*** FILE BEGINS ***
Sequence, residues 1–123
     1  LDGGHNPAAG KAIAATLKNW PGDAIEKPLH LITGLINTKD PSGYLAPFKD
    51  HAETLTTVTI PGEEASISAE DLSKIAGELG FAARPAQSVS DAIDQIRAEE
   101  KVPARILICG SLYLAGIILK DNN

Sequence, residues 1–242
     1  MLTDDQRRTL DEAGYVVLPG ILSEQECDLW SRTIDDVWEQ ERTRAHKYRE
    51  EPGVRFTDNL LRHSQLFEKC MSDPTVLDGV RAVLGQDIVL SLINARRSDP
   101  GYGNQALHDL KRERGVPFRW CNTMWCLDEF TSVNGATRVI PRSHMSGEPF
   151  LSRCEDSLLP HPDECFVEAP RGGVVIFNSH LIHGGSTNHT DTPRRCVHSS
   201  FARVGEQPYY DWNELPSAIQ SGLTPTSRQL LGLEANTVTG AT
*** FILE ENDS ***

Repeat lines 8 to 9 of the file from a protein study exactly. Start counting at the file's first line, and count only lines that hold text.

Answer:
   101  GYGNQALHDL KRERGVPFRW CNTMWCLDEF TSVNGATRVI PRSHMSGEPF
   151  LSRCEDSLLP HPDECFVEAP RGGVVIFNSH LIHGGSTNHT DTPRRCVHSS